Sen. Ted Cruz walked away from Utah with the state’s 40 delegates, but some voters left disillusioned due to billionaire George Soros’ ties to the process and fishy behavior at caucus sites.
The battle between Republican front-runner Donald Trump and Cruz in Utah ended with the Texan winning in a landslide. Cruz captured 69.2 percent of the vote compared to Trump’s 14 percent, but the businessman’s supporters suspect foul play.
A forum on the website Godlike Productions included a conversation between voters who said caucus sites were ripe environments for dishonesty.
“My head is still spinning,” wrote a user identified as Pirate Monkey. “I’ve never seen turnout like this. Got my credentials, but no presidential ballot. They said those would be delivered to our caucus room. … I counted about 120 people there (no idea how many were actually registered and credentialed). … Someone shows up with a stack of probably 250 ballots.”
“The precinct chair splits them up, and starts handing stacks of them out and tells people ‘take one and pass it down.’ No checking credentials, IDs, nothing. I’m sitting at the end of a row and people start handing me stacks of extras. I literally had over 50 ballots in my hand. … There were no apparent controls … and ballots [were] being handed around like napkins.”
Utah’s primary election also featured a first: Residents who registered by March 15 were allowed to vote anywhere in the world with an Internet connection. Individuals were given an identification number that needed to be entered before voting. Smartmatic, the firm in charge of running the electronic voting, is tied to Soros.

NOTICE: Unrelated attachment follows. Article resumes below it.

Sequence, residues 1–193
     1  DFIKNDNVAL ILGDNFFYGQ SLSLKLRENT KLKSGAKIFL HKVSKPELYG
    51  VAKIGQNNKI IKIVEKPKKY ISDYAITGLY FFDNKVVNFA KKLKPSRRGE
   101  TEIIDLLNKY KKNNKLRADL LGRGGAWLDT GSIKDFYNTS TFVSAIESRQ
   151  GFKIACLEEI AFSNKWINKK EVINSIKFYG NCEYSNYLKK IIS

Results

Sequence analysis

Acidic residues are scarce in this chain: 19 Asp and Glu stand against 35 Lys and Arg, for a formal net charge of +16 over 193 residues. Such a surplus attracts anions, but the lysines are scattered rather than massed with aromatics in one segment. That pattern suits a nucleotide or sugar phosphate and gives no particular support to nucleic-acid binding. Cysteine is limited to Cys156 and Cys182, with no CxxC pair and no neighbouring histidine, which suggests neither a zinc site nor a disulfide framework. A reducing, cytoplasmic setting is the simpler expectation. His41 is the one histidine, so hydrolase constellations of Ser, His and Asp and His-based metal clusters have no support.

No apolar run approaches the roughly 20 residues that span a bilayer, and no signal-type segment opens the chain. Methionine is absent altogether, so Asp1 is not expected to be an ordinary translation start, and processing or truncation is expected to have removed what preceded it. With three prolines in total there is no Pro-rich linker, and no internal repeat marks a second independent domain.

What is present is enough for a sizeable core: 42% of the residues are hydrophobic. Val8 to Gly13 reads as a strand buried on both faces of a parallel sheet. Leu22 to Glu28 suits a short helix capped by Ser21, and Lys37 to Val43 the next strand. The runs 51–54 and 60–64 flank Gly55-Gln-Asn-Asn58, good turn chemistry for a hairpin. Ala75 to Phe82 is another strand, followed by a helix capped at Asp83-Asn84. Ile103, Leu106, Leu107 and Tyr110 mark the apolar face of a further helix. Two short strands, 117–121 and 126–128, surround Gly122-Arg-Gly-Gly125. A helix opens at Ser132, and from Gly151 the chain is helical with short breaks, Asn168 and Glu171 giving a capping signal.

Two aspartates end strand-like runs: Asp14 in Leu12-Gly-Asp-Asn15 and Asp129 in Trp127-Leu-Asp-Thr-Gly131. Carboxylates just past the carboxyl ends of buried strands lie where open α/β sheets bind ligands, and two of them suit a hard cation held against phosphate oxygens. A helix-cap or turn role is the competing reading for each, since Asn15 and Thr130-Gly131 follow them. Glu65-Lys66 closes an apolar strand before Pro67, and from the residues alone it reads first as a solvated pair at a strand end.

Lord Mark Malloch-Brown, chairman of Smartmatic’s board, serves on the board of George Soros’ Open Society Foundation, Breitbart News reported Sunday. The website also noted that Malloch-Brown sits on the board of the International Crisis Group, a Soros-financed international crisis-management organization.
Trump voters are upset over the arrangement because Soros-funded groups have also been linked to anti-Trump protests, including a March 11 effort in Chicago, Illinois. A rally at the University of Illinois-Chicago Pavilion was halted due to security concerns. Four people were arrested and two Chicago cops suffered injuries trying to restore order.
“Right now Cruz is confident he will will with over 50 percent of the state,” wrote Breitbart reader PB on Sunday. “Nothing is going to make me believe this new venture is on the up and up! … Someone is telling Cruz he’s got it made. He’s gonna win. We should all be questioning that!”
Trump supporters who were upset over Utah’s results were at least comforted by the billionaire’s win in Arizona. All of the Grand Canyon State’s 58 delegates went to Trump, which brings his total count to 678.
The Republican front-runner is trying to secure the 1,237 delegates needed to outright win the party’s 2016 presidential nomination and avoid a brokered convention.
Ohio Gov. John Kasich’s campaign came away empty handed in both Utah and Arizona on Tuesday. His only win came March 15 in his home state of Ohio.
“You can’t lose every state and expect to be the nominee,” Cruz told CNN on Wednesday. “Right now, Kasich’s role is really being a spoiler. Kasich benefits Donald Trump.”